Ultimately, Plaintiffs were successful in obtaining an affidavit of merit from Dr. Neal Rehberg, a physician in West Virginia, who practices family medicine. Def. Motion to Dismiss Exh. B. The affidavit provided by Dr. Rehberg addresses only the conduct of Dr. Doria and another physician who is not a party to this case. According to Defendants, this affidavit was provided on January 5, 2011.

Plaintiffs' First Amended Complaint contains five counts: Count One -- "Lack of Informed Consent"; Count Two -- "Assault and Battery"; Count Three -- "Professional Malpractice"; Count Four -- "Negligence"; and Count Five -- "Fraudulent Misrepresentation". In Plaintiffs' opposition to Defendants' motion, they indicate that they are abandoning all but two counts. Id. at 2. They intend to proceed with: (1) lack of informed consent against Dr. Doria and Dr. Burke based upon the failure to provide informed consent; and (2) fraudulent misrepresentation against Thomas Jefferson University Hospital for their alleged participation in the informed consent process. The Court, therefore, dismisses the abandoned claims and address this motion only as to the remaining informed consent and fraudulent misrepresentation claims.

II. Discussion

Defendants first argue that the affidavit of merit provided by Plaintiff was untimely.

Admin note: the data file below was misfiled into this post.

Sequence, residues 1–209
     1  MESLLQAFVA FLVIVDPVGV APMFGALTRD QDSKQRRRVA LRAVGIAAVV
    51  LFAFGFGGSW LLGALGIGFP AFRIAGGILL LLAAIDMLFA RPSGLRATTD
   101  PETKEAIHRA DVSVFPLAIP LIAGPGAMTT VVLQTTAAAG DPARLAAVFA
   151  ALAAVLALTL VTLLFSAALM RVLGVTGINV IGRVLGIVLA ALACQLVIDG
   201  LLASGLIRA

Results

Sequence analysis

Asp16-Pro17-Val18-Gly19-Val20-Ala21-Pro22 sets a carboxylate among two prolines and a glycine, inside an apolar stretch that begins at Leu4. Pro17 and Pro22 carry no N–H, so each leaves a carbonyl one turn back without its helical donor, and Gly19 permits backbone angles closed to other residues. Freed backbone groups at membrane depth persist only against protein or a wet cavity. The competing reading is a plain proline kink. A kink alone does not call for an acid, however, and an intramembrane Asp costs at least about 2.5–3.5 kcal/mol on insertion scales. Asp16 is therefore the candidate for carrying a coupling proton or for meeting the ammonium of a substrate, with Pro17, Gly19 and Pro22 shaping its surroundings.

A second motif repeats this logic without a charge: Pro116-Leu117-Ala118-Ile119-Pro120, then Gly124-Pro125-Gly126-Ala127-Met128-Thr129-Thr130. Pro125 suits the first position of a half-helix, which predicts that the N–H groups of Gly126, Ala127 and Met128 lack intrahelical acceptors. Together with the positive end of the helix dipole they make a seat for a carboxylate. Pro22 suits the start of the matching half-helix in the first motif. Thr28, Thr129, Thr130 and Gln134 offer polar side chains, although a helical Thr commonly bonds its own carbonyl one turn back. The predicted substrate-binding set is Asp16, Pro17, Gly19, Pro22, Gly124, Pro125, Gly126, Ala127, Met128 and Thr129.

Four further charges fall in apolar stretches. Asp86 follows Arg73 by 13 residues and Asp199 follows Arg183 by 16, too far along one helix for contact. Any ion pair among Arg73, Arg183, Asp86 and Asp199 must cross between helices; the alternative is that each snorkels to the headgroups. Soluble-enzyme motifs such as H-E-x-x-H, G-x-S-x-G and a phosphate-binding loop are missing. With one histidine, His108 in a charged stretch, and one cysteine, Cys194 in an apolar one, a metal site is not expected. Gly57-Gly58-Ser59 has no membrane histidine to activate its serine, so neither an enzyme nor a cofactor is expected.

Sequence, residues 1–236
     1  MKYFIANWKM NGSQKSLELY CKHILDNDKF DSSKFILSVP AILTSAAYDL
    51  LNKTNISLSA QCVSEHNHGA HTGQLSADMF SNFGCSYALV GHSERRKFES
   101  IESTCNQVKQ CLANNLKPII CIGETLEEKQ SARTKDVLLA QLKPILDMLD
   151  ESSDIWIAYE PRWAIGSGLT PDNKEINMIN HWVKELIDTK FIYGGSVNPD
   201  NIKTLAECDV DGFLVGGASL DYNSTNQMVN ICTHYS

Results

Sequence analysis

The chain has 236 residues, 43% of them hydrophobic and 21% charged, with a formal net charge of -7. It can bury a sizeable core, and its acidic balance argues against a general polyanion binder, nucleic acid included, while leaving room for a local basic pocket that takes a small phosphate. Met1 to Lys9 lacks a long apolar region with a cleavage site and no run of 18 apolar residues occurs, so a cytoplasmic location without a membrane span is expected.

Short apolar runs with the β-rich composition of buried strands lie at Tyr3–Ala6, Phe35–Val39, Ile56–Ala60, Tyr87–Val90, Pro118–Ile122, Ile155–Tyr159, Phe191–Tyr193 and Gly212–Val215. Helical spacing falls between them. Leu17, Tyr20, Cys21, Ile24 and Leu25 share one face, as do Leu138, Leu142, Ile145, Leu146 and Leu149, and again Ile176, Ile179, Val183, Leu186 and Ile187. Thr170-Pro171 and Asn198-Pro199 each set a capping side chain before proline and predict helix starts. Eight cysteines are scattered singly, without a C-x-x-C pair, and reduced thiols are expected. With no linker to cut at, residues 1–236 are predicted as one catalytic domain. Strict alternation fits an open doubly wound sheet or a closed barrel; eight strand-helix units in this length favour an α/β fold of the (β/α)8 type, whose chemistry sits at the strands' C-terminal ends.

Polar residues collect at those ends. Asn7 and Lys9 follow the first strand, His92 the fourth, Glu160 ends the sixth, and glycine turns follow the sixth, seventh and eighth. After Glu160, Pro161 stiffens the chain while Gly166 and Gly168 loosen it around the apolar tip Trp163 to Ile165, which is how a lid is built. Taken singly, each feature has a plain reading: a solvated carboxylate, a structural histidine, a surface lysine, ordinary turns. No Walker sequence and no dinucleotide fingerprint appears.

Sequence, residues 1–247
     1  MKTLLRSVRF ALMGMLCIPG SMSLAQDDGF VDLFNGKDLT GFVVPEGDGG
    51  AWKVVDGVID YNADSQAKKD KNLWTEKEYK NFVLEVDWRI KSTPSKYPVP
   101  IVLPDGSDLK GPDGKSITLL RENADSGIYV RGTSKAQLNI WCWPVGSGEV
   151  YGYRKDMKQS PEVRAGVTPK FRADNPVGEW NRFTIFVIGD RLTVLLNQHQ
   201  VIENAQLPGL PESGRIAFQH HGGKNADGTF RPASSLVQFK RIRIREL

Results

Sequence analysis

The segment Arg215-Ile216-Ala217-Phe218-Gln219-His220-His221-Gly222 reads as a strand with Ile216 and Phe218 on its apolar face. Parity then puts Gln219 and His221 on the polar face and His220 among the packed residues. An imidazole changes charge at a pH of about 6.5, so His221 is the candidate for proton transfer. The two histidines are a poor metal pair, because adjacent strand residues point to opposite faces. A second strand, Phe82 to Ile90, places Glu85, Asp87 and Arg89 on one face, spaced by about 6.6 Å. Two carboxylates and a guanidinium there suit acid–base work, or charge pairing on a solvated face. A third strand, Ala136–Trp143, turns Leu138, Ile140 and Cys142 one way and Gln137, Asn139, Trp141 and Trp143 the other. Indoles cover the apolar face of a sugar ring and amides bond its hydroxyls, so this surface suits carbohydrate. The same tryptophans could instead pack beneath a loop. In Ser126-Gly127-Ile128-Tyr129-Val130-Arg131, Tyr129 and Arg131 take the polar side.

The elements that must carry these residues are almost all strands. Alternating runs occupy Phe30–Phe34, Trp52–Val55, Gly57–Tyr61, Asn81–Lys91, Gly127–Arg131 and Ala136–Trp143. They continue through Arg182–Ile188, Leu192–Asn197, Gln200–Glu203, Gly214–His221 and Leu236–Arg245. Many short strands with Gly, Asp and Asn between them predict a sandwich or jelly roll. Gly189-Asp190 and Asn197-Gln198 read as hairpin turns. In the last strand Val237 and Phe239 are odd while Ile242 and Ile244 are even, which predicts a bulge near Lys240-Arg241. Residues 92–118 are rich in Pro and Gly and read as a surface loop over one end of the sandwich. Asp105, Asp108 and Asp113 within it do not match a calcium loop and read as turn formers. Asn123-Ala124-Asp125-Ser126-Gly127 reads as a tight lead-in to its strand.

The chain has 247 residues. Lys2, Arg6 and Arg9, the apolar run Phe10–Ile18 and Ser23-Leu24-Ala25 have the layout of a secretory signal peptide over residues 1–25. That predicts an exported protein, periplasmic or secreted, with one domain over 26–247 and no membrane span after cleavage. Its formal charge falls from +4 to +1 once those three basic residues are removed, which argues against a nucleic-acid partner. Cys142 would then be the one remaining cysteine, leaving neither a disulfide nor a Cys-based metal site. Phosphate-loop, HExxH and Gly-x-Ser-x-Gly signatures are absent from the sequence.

Defendants' answer was filed on August 30, 2010. Plaintiffs provided their affidavit of merit 128 days later, on January 5, 2011. Defendants also argue that the affidavit provided, which is expressly "focused" only on Dr. Doria, is not in compliance with the Affidavit of Merit statute because Dr. Rehberg, who is not a surgeon, is not qualified to provide an affidavit as to the claims against Dr. Doria. In response, Plaintiff argue that an affidavit of merit is not required for their claims and, even if one is required, their affidavit substantially complies with the statute. As discussed below, the Court finds that an affidavit of merit is required for each of Plaintiffs' claims, and the affidavit of merit provided for the claims against Dr. Doria is not in compliance with the relevant statute.

A. Requirement of an Affidavit of Merit

Under the Affidavit of Merit Statute, when filing an "action for personal injuries . resulting from an alleged act of malpractice or negligence by a licensed person in his profession or occupation," a plaintiff must provide, within 60 days of a defendant's answer to the complaint, an affidavit to each defendant by an "appropriate licensed person," indicating that there is a "reasonable probability" that the defendant's conduct fell outside the acceptable norms or standards of the profession.*fn4 N.J.S.A. ...


Buy This Entire Record For $7.95

Download the entire decision to receive the complete text, official citation,
docket number, dissents and concurrences, and footnotes for this case.

Learn more about what you receive with purchase of this case.